Bad North (Nintendo Switch) Review

By Renan Fontes 06.09.2018

Review for Bad North on Nintendo Switch

Bad North is as simple as an RTT can be, while still offering some semblance of engaging gameplay. Gameplay is incredibly to the point, forgoing complexity in favour of a more refined core gameplay loop. The simplicity is appreciated all the more thanks to the title's minimalist aesthetic, combining a fairly muted colour palette with a subdued soundtrack. On paper, Bad North is an excellent example of why a simple game isn't inherently a bad one. Unfortunately, and perhaps fittingly, it's in the game design's complexities where it suffers more than anywhere else.

Every feature or mechanic that works in Bad North works due to the developer striving for a cohesive simplicity. Battles involve moving units across the field to attack incoming enemies with the most basic of unit management in-between stages. It's almost deceptive in how simple the core mechanics are presented, but that really is the full extent of the gameplay. Not that that's a bad thing, though. Rather, the gameplay comes off all the stronger without bells and whistles bogging it down.

There's an elegance to seeing an enemy ship appear off-screen, knowing that the only viable strategies involve moving units around and keeping an active eye on where enemies run off to in order to quickly reconfigure a unit's trajectory. On top of that, with multiple units in the party, the moment to moment strategy ends up involving a considerable amount of quick thinking that would have quickly become overwhelming with more mechanics or concepts to juggle.

Screenshot for Bad North on Nintendo Switch

Each stage essentially involves fending off Vikings in order to protect houses. Once all of them are slain, coins are rewarded based on how many houses withstood the battle and whether or not they were damaged. Said coins can then be distributed to units, which can, in turn, be used to purchase or upgrade their skills. This is as complex as the core gameplay gets, and it works. A simpler approach results in a more satisfying gameplay loop.

With so little to micromanage within stages, difficulty ends up a concern. Thankfully, Bad North doesn't hold back in the slightest. As soon as enemies land on shore, they are prone to scattering, requiring a reflex-based approach to movement. In this regard, gameplay requires both the ability to think critically under stress and quick fingers. It's the best of both worlds for a real-time tactics experience.

Screenshot for Bad North on Nintendo Switch

Unfortunately, problems arise in the campaign's second half when enemies begin to become all the more aggressive. Early on, stages are paced with enough time in-between enemy spawns whereby tension builds without outright overwhelming a player. Upon entering the home stretch, however, stages forgo any semblance of difficulty pacing in favour of pure challenge. It makes sense to up the difficulty when reaching endgame, but stages become too brutal all too quickly.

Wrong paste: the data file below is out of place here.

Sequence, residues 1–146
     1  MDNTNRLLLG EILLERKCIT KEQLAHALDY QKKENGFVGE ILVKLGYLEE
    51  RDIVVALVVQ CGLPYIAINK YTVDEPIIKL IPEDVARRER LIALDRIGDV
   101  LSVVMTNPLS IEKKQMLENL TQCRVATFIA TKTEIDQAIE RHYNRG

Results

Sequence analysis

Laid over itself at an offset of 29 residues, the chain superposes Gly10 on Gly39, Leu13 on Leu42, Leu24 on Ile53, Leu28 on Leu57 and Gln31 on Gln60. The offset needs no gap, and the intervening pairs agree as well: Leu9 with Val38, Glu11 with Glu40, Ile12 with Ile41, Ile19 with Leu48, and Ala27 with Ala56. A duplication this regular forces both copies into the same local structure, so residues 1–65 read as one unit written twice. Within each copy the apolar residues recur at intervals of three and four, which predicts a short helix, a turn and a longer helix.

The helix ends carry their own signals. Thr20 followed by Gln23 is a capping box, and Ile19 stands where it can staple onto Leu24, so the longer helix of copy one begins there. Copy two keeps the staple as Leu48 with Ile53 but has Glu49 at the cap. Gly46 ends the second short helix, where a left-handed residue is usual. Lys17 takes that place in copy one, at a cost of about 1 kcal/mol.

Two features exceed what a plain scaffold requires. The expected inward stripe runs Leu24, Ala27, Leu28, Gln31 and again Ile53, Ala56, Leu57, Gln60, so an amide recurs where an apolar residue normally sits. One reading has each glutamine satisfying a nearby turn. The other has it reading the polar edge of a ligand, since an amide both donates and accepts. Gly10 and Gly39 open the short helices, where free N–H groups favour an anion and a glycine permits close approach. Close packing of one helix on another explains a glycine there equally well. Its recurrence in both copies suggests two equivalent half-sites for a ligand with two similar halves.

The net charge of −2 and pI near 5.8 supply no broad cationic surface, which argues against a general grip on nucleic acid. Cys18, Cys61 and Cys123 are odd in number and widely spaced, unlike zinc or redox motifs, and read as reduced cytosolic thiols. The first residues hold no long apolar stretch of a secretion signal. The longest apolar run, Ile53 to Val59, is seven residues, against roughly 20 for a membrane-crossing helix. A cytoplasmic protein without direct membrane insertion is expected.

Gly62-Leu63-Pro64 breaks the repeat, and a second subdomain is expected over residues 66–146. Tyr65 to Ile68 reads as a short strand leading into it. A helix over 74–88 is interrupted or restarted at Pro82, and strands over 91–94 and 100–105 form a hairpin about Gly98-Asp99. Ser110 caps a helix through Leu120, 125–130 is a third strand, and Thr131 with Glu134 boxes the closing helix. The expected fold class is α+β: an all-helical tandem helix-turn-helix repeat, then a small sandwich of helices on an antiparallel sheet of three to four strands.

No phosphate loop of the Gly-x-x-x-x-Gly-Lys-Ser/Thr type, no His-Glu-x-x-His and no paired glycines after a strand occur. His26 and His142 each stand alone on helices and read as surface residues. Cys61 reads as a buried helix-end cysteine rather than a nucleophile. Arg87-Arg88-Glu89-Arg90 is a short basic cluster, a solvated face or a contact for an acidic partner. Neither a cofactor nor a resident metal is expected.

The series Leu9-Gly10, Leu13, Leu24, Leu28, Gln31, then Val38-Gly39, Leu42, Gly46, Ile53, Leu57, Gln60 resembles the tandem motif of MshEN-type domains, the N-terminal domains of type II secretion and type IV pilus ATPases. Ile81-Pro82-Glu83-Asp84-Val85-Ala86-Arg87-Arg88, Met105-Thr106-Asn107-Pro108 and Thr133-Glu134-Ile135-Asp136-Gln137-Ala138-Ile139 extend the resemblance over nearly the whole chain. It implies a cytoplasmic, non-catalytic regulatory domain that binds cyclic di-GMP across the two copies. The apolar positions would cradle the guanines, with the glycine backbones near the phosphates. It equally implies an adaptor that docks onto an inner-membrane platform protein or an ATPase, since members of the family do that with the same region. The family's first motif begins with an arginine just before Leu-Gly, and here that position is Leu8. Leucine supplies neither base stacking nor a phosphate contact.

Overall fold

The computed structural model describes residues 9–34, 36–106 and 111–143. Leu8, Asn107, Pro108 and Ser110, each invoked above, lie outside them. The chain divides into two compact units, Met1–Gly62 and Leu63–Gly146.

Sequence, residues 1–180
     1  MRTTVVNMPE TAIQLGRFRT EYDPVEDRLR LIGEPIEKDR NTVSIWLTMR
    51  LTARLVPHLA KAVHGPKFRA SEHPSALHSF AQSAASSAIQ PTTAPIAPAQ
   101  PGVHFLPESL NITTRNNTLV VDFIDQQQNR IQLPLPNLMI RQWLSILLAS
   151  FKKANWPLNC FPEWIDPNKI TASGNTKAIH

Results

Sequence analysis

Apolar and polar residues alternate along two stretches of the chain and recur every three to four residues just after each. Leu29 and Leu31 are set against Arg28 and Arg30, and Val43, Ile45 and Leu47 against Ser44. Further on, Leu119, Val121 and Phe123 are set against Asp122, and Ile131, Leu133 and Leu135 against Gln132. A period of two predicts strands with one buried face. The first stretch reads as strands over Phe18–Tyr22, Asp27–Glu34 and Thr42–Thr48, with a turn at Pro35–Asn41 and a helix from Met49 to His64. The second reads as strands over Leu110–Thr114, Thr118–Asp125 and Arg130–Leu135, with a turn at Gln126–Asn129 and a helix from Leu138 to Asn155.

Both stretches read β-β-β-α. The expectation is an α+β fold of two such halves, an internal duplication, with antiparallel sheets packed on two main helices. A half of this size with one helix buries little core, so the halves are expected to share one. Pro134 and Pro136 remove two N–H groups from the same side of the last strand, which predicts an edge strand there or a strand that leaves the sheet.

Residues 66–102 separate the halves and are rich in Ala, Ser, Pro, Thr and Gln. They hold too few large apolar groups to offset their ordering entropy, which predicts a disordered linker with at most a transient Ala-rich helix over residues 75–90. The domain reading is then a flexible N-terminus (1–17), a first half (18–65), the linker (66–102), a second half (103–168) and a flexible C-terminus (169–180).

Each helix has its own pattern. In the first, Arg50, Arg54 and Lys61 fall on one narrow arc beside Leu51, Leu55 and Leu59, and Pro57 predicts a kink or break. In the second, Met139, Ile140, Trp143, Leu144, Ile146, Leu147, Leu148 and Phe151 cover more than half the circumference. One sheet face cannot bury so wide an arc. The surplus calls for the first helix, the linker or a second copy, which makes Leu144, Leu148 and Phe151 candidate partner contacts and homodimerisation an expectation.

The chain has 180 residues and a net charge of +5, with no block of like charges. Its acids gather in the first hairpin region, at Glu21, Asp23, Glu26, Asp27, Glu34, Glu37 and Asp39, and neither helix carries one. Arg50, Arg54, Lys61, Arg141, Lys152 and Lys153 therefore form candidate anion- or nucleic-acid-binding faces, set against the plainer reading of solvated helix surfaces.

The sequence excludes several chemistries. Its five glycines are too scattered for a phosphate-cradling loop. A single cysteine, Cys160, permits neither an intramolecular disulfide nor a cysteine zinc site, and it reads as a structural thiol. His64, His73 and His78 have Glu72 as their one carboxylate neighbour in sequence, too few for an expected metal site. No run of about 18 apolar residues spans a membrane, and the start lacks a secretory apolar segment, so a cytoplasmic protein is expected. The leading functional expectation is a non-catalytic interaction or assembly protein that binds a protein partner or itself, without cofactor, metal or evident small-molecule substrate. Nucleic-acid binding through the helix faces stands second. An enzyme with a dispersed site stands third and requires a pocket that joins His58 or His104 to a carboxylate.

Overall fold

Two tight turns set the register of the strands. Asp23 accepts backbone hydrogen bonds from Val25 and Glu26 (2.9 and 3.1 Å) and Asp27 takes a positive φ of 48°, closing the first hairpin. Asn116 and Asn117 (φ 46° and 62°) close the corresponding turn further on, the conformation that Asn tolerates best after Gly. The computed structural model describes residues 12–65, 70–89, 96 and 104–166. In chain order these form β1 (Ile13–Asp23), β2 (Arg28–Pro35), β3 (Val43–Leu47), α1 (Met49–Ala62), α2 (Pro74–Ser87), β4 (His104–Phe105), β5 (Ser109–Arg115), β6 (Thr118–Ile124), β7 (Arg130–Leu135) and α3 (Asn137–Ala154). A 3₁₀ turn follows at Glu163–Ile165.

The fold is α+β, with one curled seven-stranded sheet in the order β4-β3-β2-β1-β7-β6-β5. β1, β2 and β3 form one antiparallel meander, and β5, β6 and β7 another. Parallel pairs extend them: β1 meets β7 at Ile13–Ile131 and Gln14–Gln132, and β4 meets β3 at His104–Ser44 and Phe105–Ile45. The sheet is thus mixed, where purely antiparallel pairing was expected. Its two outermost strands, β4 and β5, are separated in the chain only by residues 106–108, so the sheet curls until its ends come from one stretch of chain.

It certainly doesn't help that the developer has gone with procedural generation over traditional level design. While this does result in some interesting layouts, deliberate level design would have gone a long way to ensuring the difficulty curve progressed more smoothly after the first half. For those who take their time in mastering the mechanics and upgrading their units, this approach can eventually pay off as it guarantees a consistent stream of new content. Anyone looking for just a simpler take on the RTT genre, however, will find themselves disappointed upon reaching endgame.

Screenshot for Bad North on Nintendo Switch

It's also worth mentioning that Bad North, while technically sound in levels, can freeze once returning to the overworld. This isn't a major problem as the title does autosave frequently, so restarting a game on the Switch isn't particularly difficult, but it's still quite annoying either way. Thankfully, this seems not to occur within levels, where a technical glitch would matter most, but it is worth making note of.

Technicalities and the folly of procedural generation aside, Bad North does succeed as a beautiful piece of minimalism in gaming. Both the soundtrack and visuals are expertly crafted, giving the title a truly unique and potent atmosphere. It's a shame the difficulty curve falls off so hard after just a few levels as it genuinely comes so close to ending up as one of the best entries in the genre.

Screenshot for Bad North on Nintendo Switch

Cubed3 Rating

Rated 6 out of 10


Endearingly minimalistic and simple enough without compromising potential depth, Bad North works surprisingly well with its premise, but is ultimately held back by from reaching the greatness it easily could have attained. A roguelike RTT is an interesting concept, but the title does suffer from a lack of traditional level design once the difficulty curve begins to spike. On top of that, freezing can occur when returning to the world map after a mission. Autosave ensures progress is never lost, but it's nonetheless frustrating. Bad North is not a bad RTS by any means, offering a fairly strong first half, but a lack of cohesion between difficulty and level design makes its back half less palatable.


Plausible Concept


Raw Fury Games





C3 Score

Rated $score out of 10  6/10

Reader Score

Rated $score out of 10  0 (0 Votes)

European release date Out now   North America release date Out now   Japan release date Out now   Australian release date Out now   


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